It appears that the Tajiks’ unwillingness to embrace the “authentic” national surnames continues to worry the authorities. In a recent report, Tajikistan's Prosecutor General Sherkhon Salimzoda claimed [tj] that people's reluctance to drop Slavic endings in their surnames demonstrated “low levels of national consciousness and patriotism”. Salimzoda's report, published in the official government newspaper Jumhuriyat on January 18, notes that during the past three years, more than 500 students in three Dushanbe-based universities went back to Slavic-style surnames, while only two students chose to drop Slavic-sounding names. It is worth noting that Salimzoda himself was known as Salimov before be changed his surname in 2007.
The official's statement caused a stir among the country's social media users. Most netizens felt that Salimzoda went too far by suggesting that a surname cleansed of an “alien” ending is a sign of patriotism. Blogger Rishdor wrote [ru]:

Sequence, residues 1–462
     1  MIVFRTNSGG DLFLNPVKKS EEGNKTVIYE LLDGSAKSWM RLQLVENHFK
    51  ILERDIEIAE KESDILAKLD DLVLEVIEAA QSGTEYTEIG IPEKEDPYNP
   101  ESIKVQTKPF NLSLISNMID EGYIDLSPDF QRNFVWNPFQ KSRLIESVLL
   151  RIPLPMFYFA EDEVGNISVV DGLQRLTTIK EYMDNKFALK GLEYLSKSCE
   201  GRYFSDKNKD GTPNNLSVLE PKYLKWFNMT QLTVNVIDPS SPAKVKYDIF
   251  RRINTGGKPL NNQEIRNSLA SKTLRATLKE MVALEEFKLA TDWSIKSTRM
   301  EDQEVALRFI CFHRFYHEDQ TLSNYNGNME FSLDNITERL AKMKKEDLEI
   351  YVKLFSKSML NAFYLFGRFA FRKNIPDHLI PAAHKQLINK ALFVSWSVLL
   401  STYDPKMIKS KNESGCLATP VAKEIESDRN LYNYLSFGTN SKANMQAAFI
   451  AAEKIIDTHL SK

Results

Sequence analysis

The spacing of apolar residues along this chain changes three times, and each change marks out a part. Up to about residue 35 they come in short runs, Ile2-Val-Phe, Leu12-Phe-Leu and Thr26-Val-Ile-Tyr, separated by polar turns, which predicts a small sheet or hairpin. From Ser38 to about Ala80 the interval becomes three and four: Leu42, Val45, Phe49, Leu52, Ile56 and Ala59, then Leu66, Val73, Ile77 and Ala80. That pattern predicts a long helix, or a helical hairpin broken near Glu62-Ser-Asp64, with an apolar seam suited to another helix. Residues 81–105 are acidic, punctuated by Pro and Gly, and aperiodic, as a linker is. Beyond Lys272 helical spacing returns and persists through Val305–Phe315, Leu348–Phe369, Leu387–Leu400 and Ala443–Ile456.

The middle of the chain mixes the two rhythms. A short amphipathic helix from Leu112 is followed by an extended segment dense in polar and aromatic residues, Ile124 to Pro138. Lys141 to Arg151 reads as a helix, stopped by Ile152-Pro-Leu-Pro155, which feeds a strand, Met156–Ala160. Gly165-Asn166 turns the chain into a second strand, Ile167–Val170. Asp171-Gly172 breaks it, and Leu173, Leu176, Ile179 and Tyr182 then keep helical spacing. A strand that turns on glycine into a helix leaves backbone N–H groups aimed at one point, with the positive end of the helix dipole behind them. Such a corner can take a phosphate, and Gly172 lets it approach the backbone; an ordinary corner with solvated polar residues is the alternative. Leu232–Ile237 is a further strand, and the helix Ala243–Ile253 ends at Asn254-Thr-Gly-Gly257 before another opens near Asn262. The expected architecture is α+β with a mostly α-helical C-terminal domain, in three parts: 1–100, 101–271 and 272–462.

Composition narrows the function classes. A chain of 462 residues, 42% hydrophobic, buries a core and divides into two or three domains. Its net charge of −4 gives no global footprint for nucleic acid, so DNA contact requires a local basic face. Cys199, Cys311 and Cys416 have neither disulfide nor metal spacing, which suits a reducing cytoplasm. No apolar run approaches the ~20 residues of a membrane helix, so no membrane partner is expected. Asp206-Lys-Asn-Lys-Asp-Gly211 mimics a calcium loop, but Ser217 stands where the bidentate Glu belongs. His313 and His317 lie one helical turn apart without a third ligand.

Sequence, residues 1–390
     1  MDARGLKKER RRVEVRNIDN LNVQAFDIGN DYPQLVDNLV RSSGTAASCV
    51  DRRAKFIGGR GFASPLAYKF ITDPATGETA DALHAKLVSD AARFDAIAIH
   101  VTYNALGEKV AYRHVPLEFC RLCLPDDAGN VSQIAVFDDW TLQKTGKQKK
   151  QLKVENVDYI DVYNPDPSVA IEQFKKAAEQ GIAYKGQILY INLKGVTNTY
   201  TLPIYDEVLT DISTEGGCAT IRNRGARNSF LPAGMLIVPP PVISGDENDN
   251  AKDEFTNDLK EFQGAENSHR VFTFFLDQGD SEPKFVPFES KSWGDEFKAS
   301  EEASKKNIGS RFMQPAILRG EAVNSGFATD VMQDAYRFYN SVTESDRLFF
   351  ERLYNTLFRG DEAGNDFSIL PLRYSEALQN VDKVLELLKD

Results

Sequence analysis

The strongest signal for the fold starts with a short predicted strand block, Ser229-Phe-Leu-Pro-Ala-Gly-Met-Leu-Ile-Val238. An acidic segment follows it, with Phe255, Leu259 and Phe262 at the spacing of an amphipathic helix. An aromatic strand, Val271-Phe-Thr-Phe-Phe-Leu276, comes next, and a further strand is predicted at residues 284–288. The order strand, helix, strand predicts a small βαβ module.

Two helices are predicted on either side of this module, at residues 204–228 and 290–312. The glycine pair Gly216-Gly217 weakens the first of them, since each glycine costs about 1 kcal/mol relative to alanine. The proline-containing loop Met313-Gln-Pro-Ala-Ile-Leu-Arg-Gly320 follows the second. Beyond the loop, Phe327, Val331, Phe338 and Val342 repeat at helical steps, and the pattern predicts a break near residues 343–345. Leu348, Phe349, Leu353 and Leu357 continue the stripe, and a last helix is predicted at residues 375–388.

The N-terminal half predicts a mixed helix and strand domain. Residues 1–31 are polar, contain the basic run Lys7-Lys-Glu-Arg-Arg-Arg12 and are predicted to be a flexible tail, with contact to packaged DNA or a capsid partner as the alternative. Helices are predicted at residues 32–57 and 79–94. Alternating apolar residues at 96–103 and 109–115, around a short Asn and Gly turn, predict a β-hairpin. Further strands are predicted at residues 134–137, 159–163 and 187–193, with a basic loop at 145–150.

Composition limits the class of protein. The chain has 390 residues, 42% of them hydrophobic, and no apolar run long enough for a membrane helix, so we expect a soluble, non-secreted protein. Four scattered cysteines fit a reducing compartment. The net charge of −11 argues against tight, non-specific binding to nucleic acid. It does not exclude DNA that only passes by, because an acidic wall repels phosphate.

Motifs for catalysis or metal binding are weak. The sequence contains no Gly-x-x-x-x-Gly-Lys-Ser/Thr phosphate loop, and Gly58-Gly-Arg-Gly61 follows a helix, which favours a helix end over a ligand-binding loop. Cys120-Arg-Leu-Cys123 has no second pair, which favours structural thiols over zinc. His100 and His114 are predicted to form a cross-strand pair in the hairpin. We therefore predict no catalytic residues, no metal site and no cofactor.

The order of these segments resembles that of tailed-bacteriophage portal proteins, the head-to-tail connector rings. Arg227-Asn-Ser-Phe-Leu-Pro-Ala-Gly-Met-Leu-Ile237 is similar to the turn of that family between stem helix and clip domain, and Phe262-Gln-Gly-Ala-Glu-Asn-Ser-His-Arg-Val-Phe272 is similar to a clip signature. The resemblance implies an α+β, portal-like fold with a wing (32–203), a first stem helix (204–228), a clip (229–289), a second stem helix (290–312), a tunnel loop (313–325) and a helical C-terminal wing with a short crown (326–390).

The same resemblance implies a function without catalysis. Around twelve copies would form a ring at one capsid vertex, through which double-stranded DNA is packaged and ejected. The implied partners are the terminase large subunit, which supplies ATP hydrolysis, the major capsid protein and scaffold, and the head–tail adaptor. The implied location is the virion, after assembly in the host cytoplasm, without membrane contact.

Кто-то может ему наконец объяснить чем именно должен заниматься прокурор и чем он не должен заниматься? Вообще куда эти чиновники лезут? Как называть детей это решают родители и семья. У государства никто не спрашивает. Они итак все на свете регулируют. Может еще издадут приказ со списком патриотичных имен из которых родители должны выбирать? Не будет такого никогда. Выбирать имя себе и ребенку это наше право.
Если ты поменял свое имя и стал вместо Салимов Салимзода то это не значит что ты стал патриотом. С чего ты взял что условный Салимов или даже Иванов не может быть больше патриотом, чем Салимзода? Фамилия не показатель ничего. Поставь себе фамилию хотя Хайям хоть Рудаки хоть Сомони от этого ты как человек не изменишься. Дерьмо остается дерьмом даже без окончания “-ов”.